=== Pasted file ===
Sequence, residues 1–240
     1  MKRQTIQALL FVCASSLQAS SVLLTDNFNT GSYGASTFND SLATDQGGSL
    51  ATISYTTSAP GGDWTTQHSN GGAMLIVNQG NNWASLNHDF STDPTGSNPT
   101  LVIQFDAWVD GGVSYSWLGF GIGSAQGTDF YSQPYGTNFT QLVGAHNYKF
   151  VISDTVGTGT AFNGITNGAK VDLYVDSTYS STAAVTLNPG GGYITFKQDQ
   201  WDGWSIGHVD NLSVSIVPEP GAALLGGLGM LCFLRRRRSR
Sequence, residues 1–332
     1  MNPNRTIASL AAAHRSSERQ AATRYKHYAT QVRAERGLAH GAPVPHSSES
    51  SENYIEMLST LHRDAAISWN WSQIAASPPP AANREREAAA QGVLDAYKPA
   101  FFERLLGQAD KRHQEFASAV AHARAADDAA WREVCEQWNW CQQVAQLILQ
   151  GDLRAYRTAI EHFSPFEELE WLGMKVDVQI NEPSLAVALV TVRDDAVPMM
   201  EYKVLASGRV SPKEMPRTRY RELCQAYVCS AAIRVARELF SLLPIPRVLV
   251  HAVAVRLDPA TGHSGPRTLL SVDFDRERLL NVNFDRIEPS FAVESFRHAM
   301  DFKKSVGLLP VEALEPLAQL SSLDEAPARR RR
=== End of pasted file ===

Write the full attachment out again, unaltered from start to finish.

Sequence, residues 1–240
     1  MKRQTIQALL FVCASSLQAS SVLLTDNFNT GSYGASTFND SLATDQGGSL
    51  ATISYTTSAP GGDWTTQHSN GGAMLIVNQG NNWASLNHDF STDPTGSNPT
   101  LVIQFDAWVD GGVSYSWLGF GIGSAQGTDF YSQPYGTNFT QLVGAHNYKF
   151  VISDTVGTGT AFNGITNGAK VDLYVDSTYS STAAVTLNPG GGYITFKQDQ
   201  WDGWSIGHVD NLSVSIVPEP GAALLGGLGM LCFLRRRRSR
Sequence, residues 1–332
     1  MNPNRTIASL AAAHRSSERQ AATRYKHYAT QVRAERGLAH GAPVPHSSES
    51  SENYIEMLST LHRDAAISWN WSQIAASPPP AANREREAAA QGVLDAYKPA
   101  FFERLLGQAD KRHQEFASAV AHARAADDAA WREVCEQWNW CQQVAQLILQ
   151  GDLRAYRTAI EHFSPFEELE WLGMKVDVQI NEPSLAVALV TVRDDAVPMM
   201  EYKVLASGRV SPKEMPRTRY RELCQAYVCS AAIRVARELF SLLPIPRVLV
   251  HAVAVRLDPA TGHSGPRTLL SVDFDRERLL NVNFDRIEPS FAVESFRHAM
   301  DFKKSVGLLP VEALEPLAQL SSLDEAPARR RR